By Teachers, For Teachers
An 11-year-old boy has been charged with possessing a deadly weapon after bringing a gun to school, claiming he was worried about a massacre like Connecticut's, a schools' spokesman said Tuesday.
The boy brought a .22 caliber handgun into class Monday at the West Kearns Elementary School in the Salt Lake City suburb of Kearns, Utah, and allegedly threatened classmates with it before being reported.
"He is alleging that he brought the weapon to protect himself and his friends from a Connecticut-style incident," Granite School District spokesman Ben Horsley told AFP.
The boy was spotted by schoolmates. They alerted a teacher, who "immediately apprehended and took the student into custody and took him to the principal's office," Horsley said.
The gun was found in the boy's backpack in a classroom. It was not loaded, but the boy did have ammunition, although it was unclear if it was for that type of weapon.
Police were called and he was taken into custody. The boy, who cannot be identified because he is a juvenile, has been charged with possession of a deadly weapon on school property and aggravated assault.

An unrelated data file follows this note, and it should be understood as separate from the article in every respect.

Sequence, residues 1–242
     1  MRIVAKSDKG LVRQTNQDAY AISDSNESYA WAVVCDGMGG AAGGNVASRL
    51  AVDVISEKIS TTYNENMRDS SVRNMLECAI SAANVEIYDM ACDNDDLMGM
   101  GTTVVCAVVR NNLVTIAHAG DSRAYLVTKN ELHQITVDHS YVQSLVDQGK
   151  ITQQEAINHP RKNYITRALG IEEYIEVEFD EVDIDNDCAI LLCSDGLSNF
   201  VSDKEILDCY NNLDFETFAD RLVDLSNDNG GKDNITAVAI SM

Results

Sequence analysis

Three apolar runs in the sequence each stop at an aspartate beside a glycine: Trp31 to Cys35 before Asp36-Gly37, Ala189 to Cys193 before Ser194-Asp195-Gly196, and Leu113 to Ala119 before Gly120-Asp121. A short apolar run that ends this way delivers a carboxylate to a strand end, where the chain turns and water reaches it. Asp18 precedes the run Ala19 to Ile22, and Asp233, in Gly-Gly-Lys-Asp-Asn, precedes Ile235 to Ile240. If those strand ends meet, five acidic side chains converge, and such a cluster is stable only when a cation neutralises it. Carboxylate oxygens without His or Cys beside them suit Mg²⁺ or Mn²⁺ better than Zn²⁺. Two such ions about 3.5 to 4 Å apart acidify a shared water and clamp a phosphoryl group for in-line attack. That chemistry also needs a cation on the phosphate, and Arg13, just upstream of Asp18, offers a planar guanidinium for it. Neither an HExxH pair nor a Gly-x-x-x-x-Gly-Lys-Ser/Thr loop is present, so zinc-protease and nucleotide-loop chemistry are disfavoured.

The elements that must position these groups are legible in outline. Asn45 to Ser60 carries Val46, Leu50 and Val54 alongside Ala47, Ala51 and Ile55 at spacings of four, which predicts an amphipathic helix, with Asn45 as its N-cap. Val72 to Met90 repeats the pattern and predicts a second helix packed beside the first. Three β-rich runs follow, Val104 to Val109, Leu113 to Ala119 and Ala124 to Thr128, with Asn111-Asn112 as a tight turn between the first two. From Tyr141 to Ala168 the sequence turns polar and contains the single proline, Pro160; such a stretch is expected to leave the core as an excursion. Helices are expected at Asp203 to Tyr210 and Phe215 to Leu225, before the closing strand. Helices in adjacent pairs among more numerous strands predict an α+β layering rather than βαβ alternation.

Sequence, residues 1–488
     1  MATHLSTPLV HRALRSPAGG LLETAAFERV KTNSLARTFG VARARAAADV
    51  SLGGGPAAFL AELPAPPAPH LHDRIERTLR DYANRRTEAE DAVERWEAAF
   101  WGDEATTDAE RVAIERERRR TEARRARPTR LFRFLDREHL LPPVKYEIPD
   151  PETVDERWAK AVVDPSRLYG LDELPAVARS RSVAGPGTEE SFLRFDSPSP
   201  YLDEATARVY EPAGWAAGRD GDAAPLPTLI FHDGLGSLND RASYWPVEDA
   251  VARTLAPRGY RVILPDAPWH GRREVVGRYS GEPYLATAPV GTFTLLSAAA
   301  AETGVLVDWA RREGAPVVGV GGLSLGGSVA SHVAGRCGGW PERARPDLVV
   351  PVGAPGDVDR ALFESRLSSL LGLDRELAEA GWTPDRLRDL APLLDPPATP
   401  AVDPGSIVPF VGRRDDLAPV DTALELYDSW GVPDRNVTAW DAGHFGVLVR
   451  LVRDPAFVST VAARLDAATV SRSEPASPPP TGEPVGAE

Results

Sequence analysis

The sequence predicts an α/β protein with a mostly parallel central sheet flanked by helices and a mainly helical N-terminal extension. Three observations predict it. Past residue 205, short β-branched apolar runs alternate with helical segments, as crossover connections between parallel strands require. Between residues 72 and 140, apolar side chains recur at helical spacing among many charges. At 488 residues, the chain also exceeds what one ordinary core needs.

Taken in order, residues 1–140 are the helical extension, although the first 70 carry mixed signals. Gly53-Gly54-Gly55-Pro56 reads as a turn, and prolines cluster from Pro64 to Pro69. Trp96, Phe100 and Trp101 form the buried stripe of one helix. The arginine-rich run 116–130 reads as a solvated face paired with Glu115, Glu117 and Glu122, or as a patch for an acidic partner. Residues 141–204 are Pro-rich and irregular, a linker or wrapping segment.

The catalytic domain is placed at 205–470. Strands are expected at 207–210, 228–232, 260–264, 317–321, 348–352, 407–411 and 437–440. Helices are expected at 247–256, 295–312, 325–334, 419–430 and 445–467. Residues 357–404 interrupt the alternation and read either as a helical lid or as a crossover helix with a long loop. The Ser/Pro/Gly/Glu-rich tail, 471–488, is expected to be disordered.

"The aggravated assault charge stems from an allegation that he threatened, or waved the weapon in a threatening manner against three (fellow) students," said Horsley.
"That appears to have occurred during lunch recess time, while the kids were out on a soccer field in the area." The boy was not reported until nearly the end of the school day.
In addition to the criminal charges, the boy has been suspended from the school, said the spokesman, voicing gratitude to the students who reported the incident.
"Our kids continue to be the eyes and ears and the mainstay of our security systems in our school," he said. "We have cameras and things like that, but nothing is more effective than kids reporting dangerous behavior."
Meanwhile, police in California said an 18-year-old student had been arraigned for allegedly leaving a bomb threat note in a classroom on the day of the Connecticut shooting.
Christopher Michael Casey is charged with reporting a false bomb threat and faces a maximum of three years in jail for leaving the note Friday at lunchtime on his teacher's desk at Huntington Beach High School, south of Los Angeles.
A secretary found the note and reported it to the principal. Officers from the Huntington Beach Police Department were called in, the suspect arrested and the school searched. No bombs or explosives were found.
The incidents came days after 20-year-old Adam Lanza blasted his way into a school in Newtown, Connecticut and killed 20 young children and six adults with a military-style assault rifle in one of America's worst ever school tragedies.